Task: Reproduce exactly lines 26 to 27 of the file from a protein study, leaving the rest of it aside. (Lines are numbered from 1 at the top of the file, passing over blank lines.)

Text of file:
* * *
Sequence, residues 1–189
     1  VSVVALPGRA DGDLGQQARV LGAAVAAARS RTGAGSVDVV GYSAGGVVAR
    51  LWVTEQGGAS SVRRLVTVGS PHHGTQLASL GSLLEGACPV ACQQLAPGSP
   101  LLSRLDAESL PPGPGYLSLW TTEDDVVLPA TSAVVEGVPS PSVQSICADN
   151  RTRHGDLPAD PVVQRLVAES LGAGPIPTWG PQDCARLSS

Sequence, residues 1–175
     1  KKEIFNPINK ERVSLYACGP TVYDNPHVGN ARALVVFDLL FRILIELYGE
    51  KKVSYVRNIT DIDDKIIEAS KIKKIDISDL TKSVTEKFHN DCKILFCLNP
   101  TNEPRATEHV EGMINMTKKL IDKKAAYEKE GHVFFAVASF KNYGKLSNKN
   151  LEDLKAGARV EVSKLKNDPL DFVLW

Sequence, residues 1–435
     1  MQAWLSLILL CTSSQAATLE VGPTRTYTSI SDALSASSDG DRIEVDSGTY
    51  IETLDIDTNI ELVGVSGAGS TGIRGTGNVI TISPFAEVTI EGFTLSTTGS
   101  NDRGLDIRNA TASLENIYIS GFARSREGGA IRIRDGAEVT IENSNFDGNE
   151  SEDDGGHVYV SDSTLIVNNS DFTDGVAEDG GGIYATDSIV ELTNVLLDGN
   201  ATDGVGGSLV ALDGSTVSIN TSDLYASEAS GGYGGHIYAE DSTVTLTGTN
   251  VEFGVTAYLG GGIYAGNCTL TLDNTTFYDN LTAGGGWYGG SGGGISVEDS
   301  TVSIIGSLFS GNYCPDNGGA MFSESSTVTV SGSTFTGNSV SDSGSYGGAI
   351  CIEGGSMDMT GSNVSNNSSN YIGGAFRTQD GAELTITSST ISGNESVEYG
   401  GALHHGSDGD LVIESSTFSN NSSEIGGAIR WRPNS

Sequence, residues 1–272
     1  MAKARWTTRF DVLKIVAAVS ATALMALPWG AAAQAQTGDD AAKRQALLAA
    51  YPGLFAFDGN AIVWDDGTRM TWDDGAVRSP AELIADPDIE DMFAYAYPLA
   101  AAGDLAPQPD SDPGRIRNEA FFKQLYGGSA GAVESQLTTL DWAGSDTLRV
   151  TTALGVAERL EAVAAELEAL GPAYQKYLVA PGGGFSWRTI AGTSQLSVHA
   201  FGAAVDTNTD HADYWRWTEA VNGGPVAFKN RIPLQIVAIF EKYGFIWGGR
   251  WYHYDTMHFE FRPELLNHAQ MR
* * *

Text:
   201  FGAAVDTNTD HADYWRWTEA VNGGPVAFKN RIPLQIVAIF EKYGFIWGGR
   251  WYHYDTMHFE FRPELLNHAQ MR